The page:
Therefore, if a homeowner goes and gets lower bids on an insurance estimate that is likely already low in the first place, they are walking into a disaster just as when a contractor waves deductibles. The contractor who gives the low bid is going to cut corners somewhere. The homeowner will likely never know until it is too late.

10. Will my work be warranties when it’s completed?

Going back to the fact that we are licensed, bonded and insured, we are an A class contractor who takes pride in our workmanship. Every house we do a roof replacement for has a 2 year standard labor warranty as well as a manufacturer warranty signed off by us when we complete the job.

So if we install Atlas shingle, we have a corresponding Atlas manufacturer warranty, whether it is 30 years for regular architectural shingles or 40 years for a class 4 impact resistant shingle.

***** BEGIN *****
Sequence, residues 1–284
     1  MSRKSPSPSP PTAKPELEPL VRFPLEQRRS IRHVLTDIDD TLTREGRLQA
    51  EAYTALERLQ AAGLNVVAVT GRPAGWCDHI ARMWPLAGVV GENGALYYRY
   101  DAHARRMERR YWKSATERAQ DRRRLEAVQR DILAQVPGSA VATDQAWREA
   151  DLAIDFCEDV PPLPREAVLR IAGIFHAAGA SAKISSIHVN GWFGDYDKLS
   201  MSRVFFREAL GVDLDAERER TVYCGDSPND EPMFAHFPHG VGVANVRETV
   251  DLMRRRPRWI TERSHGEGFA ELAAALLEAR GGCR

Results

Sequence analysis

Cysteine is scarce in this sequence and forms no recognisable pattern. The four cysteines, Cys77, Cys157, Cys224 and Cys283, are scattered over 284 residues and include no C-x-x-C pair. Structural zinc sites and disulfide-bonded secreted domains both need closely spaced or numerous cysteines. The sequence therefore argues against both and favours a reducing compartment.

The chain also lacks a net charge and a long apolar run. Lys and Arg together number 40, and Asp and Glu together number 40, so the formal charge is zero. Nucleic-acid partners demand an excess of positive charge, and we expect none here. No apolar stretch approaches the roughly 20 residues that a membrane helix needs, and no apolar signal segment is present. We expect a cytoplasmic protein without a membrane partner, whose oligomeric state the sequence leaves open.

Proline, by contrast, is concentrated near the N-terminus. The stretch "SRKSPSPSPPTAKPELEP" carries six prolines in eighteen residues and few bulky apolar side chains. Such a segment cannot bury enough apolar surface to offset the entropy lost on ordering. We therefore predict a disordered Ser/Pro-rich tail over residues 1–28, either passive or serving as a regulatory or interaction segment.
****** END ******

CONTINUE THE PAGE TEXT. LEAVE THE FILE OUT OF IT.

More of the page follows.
This warranty can only be signed off by us if we build the roof to manufacturer specifications which means the insurance company has to give a fair price for the roof in the first place and not leave line items off.

A perfect claim process leads to a perfectly built roof. That is what we do.

We do not cut corners or miss building codes so therefore, we can actually sign off on this warranty.

The warranty is transferable if the homeowners sell their house.

11. How does the roofer determine what they charge insurance and how do I know they won’t take advantage of my insurance?

Insurance companies are not in the habit of overpaying for claims. As mentioned before, they use a software called Xacfimate to estimate roofs.